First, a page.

Reading all the commentary on the latest Irish sovereign debt crisis there’s a lot of wise words being bandied around the UK about why Ireland should never have joined the euro. Like Greece earlier in the year some even darkly foretell that Ireland may eventually have to leave the monetary union to resolve its economic malaise.
There’s three questions that come to mind in response to these views:
• Is the currency union to blame?
• Is it realistic for Ireland to pull out of the euro?
• What’s the impact of the eurozone stress on the UK and in particular our exporters to places like Ireland?
On the first, most commentators agree that Ireland enjoyed a sustained real economy boost before succumbing to a debt-fuelled property boom. Currency union kept interest rates down from what they otherwise might have been. This exacerbated the debt binge – but it’s at least questionable whether it caused it. And although export growth tapered off at around this time, Ireland has remained consistently and massively in trade surplus.
Similarly New Zealand has its own currency but it also had large increases in private debt fuelled by cheap credit at the same time. But in New Zealand’s case the monetary authority tightened the interest rate screws to dampen the inflation it saw in housing prices, loans were made more expensive but still the bubble continued. And by having higher interest rates the exchange rate jumped up as investors and then speculators piled into the Kiwi. New Zealand’s export sector was badly squeezed and NZ has consistently been in trade deficit. The level and volatility of the exchange rate is consistently cited as an issue for NZ exporters.
Similarly the UK has its own currency, so the vicious euro hasn’t wreaked its havoc here either. But just like Ireland and NZ, private debt in the UK soared during the credit boom. And just like Ireland, major banks in the UK have failed. Surely not to the same extent but Robert Peston points out the difference is one of scale not kind.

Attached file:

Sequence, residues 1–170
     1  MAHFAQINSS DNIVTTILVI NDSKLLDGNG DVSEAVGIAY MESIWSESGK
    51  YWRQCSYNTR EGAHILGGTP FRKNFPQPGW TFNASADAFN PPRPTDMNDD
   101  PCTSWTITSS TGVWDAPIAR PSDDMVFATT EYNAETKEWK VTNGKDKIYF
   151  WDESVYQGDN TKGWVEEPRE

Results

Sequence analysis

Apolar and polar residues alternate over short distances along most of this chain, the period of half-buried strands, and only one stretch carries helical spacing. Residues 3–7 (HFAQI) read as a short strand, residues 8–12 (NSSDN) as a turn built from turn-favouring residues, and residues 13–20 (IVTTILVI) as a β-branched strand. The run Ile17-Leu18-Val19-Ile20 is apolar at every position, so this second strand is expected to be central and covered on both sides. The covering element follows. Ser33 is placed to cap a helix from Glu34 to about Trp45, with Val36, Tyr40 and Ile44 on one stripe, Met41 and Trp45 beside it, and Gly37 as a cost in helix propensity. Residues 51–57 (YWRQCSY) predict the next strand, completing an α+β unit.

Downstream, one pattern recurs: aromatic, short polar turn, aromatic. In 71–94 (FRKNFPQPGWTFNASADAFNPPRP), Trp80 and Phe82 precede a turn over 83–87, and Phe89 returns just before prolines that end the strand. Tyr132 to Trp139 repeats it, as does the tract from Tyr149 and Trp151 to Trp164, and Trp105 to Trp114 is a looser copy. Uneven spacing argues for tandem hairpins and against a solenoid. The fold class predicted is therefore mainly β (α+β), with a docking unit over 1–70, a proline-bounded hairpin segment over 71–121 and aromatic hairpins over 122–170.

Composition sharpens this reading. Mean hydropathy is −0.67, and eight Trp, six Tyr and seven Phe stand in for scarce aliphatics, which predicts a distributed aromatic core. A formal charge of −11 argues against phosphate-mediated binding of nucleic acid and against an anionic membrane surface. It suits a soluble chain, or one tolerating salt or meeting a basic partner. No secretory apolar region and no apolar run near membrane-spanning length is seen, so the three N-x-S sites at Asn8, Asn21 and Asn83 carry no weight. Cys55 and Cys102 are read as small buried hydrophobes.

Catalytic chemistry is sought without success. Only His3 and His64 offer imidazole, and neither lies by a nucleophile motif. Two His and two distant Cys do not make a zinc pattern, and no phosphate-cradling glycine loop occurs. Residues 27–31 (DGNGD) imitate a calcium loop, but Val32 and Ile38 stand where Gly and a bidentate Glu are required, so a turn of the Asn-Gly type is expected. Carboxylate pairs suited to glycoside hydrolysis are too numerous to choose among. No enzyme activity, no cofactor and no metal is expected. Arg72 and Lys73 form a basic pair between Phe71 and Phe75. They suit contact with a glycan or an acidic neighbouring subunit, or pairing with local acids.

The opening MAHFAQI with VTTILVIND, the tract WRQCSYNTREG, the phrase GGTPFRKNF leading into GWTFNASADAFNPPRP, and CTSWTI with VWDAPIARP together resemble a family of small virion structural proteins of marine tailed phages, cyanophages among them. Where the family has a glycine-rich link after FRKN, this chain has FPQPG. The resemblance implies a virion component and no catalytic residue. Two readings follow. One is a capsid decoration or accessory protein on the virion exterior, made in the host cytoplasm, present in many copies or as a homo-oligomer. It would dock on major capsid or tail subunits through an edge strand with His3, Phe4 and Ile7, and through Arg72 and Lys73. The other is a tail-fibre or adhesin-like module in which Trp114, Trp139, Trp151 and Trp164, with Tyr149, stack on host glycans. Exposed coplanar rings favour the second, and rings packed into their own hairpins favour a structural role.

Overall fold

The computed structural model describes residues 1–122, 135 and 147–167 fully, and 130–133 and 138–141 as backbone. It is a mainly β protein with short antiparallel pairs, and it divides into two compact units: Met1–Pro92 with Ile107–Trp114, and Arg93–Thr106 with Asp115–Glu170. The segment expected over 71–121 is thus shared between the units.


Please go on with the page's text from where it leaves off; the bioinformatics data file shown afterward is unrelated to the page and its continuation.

This is not to say that joining the euro was a great idea; it may be just as many are saying that it was a bad call and that if Ireland wasn't in the euro now, everything would be rosy. But clearly it's more complicated than simply having the euro = bad/not having the euro = good. There are costs and benefits of both options and the debate at the moment is a bit revisionist and one-sided.
I think that the banking sector is a much more significant factor than the currency union for explaining the current mess. The bad loans in the Irish banks represent a failure of regulation of the financial sector. Ireland has the misfortune of being more exposed than most and the Irish Government guaranteeing all the Irish banks’ debts.
So what now? Should Ireland dump the euro, restore the punt and devalue its way to prosperity? A recent BBC article showed the fallacy in this logic. If Ireland dumps the euro and looks to devalue its new currency immediately, the value of its euro-dominated debt will go through the roof. This greatly heightens the chance of default and, anticipating this, investors rapidly withdraw their capital from Ireland before the cross-over to the new currency. That would make a bad situation worse.
What does all this mean for the UK can be boiled down to impacts on demand for our exports and systemic impacts on our financial system.
The Govt’s attitude so far is illustrated by its willingness to participate in the ‘bailout’ of Ireland. But many of Mr Osborne’s Conservative colleagues have questioned why the UK is helping.
Both Cameron and Osborne have stressed the national interest angle, the interlacing of the economies etc. But what if another bailout is needed or, more likely to involve the UK perhaps, the EFSF proves insufficient faced with multiple bailouts. Where then does the interest lie?
The stability growth of the eurozone matters for UK exporters. It matters directly; without it demand for our exports will be lower as eurozone consumers confidence and consumption dips. Even in its parlous state, Ireland still accounts for 6% of UK exports and perhaps more surprisingly, since the end of the recession, Ireland has accounted for 4% of UK export growth.
A similar calculus is possible with other eurozone countries, such as Portgual, supposedly next in line. Although Portugal makes up a much smaller proportion of UK exports, its share of UK export growth, since the end of the recession, exceeds 1%, which is not trivial.
And the more bail outs there are, the more the systemic health of the banking system comes into considerations. I don’t think it’s beyond possibility that it could be in UK banks’ (and via their lending to businesses, the economy’s) interests to support further bailouts, or a replenishing of the EFSF, if the situation became severe enough. The involvement of the IMF in the bailouts already suggests the importance of these issues is wider than just Europe or the eurozone.